little-leaguer

The little leaguer steps up the plate. He digs his cleats into the batter’s box, even though the ground is already worn deep and traction definitely isn’t an issue. He takes a couple of loose practice swings with big-league swagger. He spits, even though there’s really nothing in his mouth that needs to come out. He adjusts his pants, even though there’s no equipment underneath that really needs adjusting. He looks like a mini version of a Jeter or a Pujols or a Pedroia. He’d even wear the name if he could.

Why? Because, we conform to what we love. Kids do it with their favorite athletes and entertainers. Adults do it much more subtly, but we still adapt to the styles and trends of popular people. Our demeanor, habits, and appearance change. We often aren’t even aware of it; we simply follow our admiration to its natural conclusions.

Like they say, imitation is the sincerest form of flattery. And I think it’s also the sincerest form of worship.

That, I believe, is the key to discipleship. If we conform to what we love, then the hard disciplines of the spirit aren’t necessarily the best way to grow. I’m not saying they aren’t ever helpful, of course. But while many people are training their behavior to be something it has never before been, some transform into a Christlike image much more organically, simply because of their passion. Instead of tending to their actions, they cultivate their love. And their love produces actions naturally.

imitationThat doesn’t mean there won’t be trials or pain in our lives. Jesus made it clear that we will have tribulation in this world, and life won’t always be easy. The disciples in Acts made a sobering statement about the kingdom involving hardships (Acts 14:22). But even while Paul and Silas were in prison, they sang joyful songs of praise. Jesus went to the cross not out of discipline but for the joy set before him (Hebrews 12:2). None of them were compelled primarily by their sense of obligation. They were moved by their passion.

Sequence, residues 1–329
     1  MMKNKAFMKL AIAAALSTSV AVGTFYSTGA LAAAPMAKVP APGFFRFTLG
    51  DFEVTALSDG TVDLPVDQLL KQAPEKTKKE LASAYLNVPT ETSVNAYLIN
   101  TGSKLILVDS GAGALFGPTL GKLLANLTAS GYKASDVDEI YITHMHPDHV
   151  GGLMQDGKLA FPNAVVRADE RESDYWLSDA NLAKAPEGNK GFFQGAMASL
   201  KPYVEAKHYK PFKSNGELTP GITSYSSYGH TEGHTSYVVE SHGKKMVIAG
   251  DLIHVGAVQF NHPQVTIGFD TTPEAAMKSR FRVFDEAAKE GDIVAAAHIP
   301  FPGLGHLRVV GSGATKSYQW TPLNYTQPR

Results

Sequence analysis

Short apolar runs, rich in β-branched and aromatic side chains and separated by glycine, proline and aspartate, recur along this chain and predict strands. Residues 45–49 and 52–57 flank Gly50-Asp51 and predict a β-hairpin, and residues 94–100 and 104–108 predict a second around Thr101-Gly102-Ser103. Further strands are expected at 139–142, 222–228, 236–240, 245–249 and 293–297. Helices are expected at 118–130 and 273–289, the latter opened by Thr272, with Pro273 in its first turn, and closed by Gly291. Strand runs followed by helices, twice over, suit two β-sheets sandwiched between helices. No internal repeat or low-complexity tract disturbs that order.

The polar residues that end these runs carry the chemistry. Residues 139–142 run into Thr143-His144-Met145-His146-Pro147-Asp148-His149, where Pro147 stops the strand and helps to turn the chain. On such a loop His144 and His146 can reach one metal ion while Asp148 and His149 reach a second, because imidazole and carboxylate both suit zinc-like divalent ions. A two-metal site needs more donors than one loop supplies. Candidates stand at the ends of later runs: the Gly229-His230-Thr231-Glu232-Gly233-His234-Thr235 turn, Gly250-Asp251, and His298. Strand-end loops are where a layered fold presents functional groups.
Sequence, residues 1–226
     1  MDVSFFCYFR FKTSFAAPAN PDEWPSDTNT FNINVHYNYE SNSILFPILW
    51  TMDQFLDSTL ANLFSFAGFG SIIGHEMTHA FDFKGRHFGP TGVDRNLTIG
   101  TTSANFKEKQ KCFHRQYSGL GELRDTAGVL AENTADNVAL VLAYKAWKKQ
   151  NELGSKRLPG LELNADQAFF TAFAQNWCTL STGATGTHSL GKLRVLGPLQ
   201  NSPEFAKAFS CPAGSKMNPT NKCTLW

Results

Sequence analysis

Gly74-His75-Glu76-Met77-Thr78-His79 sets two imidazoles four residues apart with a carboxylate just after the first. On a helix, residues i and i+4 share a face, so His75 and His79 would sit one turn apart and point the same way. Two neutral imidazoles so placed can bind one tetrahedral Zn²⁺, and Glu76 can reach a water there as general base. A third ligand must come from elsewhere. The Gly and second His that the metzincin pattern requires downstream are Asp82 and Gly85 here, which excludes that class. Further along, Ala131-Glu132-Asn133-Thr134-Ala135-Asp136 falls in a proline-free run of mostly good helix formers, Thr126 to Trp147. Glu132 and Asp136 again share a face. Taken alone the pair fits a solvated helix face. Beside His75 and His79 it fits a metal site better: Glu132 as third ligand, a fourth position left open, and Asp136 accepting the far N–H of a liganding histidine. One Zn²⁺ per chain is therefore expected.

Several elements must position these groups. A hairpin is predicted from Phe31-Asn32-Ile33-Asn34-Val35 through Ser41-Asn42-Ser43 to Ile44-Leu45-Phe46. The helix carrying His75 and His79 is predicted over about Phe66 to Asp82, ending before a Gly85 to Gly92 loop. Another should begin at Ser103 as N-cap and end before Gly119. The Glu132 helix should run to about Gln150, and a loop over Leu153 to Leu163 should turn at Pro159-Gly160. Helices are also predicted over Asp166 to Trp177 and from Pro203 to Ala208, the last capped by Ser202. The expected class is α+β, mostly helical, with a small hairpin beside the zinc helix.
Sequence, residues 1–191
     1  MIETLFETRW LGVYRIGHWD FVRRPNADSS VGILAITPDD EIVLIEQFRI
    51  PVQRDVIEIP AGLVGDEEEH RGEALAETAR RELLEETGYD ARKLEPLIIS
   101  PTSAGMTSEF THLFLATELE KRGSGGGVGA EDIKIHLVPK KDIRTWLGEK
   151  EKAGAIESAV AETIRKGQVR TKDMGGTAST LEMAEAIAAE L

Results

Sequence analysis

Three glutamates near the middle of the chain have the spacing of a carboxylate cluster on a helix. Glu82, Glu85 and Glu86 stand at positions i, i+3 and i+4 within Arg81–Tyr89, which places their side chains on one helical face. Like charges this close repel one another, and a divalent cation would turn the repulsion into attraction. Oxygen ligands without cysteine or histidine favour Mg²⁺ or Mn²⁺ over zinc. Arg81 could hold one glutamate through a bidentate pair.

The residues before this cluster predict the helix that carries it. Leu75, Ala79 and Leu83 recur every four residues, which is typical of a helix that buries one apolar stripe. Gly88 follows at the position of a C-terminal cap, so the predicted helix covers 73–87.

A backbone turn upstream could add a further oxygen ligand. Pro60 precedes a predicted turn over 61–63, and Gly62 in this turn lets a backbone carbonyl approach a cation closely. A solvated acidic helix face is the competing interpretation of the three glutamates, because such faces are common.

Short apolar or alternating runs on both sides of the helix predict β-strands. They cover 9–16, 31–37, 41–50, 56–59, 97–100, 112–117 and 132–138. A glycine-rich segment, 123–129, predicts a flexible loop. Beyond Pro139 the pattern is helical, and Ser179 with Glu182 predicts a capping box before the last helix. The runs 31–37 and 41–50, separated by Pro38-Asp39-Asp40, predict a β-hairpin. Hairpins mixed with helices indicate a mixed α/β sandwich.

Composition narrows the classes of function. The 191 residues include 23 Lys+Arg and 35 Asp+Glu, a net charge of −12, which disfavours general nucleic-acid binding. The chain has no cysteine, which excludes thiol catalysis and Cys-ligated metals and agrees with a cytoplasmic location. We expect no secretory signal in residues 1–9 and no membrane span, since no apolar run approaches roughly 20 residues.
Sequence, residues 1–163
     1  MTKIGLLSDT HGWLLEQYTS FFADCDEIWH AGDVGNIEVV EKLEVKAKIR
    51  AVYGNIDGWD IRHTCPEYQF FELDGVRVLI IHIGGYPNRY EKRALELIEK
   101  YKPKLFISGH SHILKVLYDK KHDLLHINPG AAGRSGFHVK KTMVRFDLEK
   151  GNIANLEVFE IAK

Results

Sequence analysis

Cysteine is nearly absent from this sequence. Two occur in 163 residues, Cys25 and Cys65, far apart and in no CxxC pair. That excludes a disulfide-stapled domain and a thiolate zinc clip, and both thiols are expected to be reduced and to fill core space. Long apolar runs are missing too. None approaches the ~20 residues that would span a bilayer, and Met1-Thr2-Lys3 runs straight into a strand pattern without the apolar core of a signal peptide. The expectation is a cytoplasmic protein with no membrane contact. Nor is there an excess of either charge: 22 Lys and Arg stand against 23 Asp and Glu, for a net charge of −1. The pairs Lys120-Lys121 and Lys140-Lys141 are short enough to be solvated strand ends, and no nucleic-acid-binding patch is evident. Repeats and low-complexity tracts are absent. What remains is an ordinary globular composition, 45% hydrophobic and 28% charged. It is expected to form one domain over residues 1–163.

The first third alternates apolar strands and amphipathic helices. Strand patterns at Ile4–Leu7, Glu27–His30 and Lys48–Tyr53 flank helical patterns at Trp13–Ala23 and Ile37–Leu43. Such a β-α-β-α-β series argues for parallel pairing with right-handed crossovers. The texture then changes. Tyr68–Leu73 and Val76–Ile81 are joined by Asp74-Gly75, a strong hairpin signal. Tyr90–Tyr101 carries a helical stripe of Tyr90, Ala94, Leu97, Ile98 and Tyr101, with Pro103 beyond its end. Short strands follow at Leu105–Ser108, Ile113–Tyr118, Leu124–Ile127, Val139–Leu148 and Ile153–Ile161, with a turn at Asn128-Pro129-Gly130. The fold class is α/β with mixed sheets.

I’m not saying a sense responsibility isn’t important. I’m saying simply that getting from point A and point B in our lives is usually a matter of moving in the direction of our loves. We grow wherever our hearts are pointed.

In fact, people in love will sacrifice an awful lot for the object of their love. And they don’t even consider it a sacrifice.

The greatest thing we can ever do in becoming a follower of Jesus is not to focus on the behavior that makes us look like him. It’s to focus on our love. When that grows, we grow with it. And whatever we see him doing will become as natural for us as a little leaguer’s moves at the plate. 

Click to tweet: Not only is imitation the sincerest form of flattery. It’s also the sincerest form of worship.

Click to tweet: We grow wherever our hearts are pointed.

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©2013-19 by chris tiegreen